In recent decades, historians and social theorists have given much thought to the concept of "culture," its origins in Western thought, and its usefulness for social analysis. In this book, Susan Hegeman focuses on the term's history in the United States in the first half of the twentieth century. She shows how, during this period, the term "culture" changed from being a technical term associated primarily with anthropology into a term of popular usage. She shows the connections between this movement of "culture" into the mainstream and the emergence of a distinctive "American culture," with its own patterns, values, and beliefs.
Hegeman points to the significant similarities between the conceptions of culture produced by anthropologists Franz Boas, Edward Sapir, Ruth Benedict, and Margaret Mead, and a diversity of other intellectuals, including Randolph Bourne, Van Wyck Brooks, Waldo Frank, and Dwight Macdonald. Hegeman reveals how relativist anthropological ideas of human culture--which stressed the distance between modern centers and "primitive" peripheries--came into alliance with the evaluating judgments of artists and critics. This anthropological conception provided a spatial awareness that helped develop the notion of a specifically American "culture." She also shows the connections between this new view of "culture" and the artistic work of the period by, among others, Sherwood Anderson, Jean Toomer, Thomas Hart Benton, Nathanael West, and James Agee and depicts in a new way the richness and complexity of the modernist milieu in the United States.
"Clearly stated and persuasive. . . [A] stimulating discussion of the uses and impact of the concept of 'culture' in early-20th-century US thought. . ."--Choice
"One of the most important works in and about American studies in our time."--Peter W. Williams, Religious Studies Review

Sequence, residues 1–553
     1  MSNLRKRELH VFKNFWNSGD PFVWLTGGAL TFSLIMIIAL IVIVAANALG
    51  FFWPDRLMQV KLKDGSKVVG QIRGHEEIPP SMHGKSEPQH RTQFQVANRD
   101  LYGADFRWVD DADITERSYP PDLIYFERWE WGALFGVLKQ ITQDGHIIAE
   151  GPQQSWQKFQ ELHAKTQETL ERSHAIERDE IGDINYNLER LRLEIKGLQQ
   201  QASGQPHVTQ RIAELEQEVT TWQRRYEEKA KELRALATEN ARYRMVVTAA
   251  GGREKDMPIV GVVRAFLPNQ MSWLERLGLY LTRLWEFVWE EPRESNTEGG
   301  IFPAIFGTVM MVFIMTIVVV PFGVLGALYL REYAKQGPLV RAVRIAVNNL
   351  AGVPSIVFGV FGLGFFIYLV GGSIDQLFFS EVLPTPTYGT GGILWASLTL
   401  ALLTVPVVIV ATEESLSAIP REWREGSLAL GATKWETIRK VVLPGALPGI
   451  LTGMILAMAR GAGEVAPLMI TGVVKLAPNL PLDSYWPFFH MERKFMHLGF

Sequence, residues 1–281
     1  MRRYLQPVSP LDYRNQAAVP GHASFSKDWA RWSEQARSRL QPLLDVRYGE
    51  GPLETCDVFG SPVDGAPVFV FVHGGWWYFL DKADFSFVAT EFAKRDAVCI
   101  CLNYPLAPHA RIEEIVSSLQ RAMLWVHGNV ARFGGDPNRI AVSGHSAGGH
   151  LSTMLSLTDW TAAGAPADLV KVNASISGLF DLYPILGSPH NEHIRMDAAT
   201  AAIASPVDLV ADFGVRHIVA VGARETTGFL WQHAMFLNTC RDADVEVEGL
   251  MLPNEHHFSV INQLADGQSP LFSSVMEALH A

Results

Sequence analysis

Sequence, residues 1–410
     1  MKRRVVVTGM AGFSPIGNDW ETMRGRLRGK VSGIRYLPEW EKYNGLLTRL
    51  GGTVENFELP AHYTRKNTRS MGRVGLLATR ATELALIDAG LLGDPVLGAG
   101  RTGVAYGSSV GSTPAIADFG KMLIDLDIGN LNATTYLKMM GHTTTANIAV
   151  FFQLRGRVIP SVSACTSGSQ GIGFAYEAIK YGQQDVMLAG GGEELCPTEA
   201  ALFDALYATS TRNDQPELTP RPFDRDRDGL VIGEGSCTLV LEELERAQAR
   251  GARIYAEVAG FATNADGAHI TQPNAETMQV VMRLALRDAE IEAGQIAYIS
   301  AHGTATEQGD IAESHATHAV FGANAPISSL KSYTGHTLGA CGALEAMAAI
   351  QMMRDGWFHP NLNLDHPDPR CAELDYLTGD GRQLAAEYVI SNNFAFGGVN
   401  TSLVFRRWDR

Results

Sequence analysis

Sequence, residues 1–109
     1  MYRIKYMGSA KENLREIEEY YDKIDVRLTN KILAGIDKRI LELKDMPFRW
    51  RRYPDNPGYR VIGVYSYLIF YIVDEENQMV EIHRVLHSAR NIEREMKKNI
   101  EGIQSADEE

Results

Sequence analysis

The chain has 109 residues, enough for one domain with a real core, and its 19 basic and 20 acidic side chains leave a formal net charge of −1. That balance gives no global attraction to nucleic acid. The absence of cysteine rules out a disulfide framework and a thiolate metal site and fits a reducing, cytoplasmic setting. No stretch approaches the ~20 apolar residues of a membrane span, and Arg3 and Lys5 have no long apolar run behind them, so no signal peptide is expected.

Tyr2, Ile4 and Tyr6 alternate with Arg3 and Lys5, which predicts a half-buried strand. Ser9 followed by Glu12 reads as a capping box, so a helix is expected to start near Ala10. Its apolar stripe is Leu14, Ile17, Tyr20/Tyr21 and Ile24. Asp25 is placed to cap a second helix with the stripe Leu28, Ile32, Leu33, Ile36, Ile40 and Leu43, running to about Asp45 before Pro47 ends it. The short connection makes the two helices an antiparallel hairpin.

"Well written, original in conception, insightful in its interpretations, and far-reaching in its readings and conclusions. Hegeman's attention to complex transitions within the history of ideas and their disciplines makes this an exemplary contribution to intellectual and social history."--Marc Manganaro, Rutgers University
"Extremely interesting . . . Hegeman's assessments of specific texts, research and publishing ventures, and critical agendas of select scholars and intellectuals are striking and healthily eccentric."--James A. Boon, Princeton University
Table of Contents:
Introduction: The Domestication of Culture 3
1 Modernism, Anthropology, Culture 15
2 Dry Salvages: Spatiality, Nationalism, and the Invention of an "Anthropological" Culture 32
3 The National Genius: Van Wyck Brooks, Edward Sapir, and the Problem of the Individual 66
4 Terrains of Culture: Ruth Benedict, Waldo Frank, and the Spatialization of the Culture Concept 93
5 The Culture of the Middle: Class, Taste, and Region in the 1930s Politics of Art 126
6 "Beyond Relativity": James Agee and Others, Toward the Cold War 158
7 On Getting Rid of Culture: An Inconclusive Conclusion 193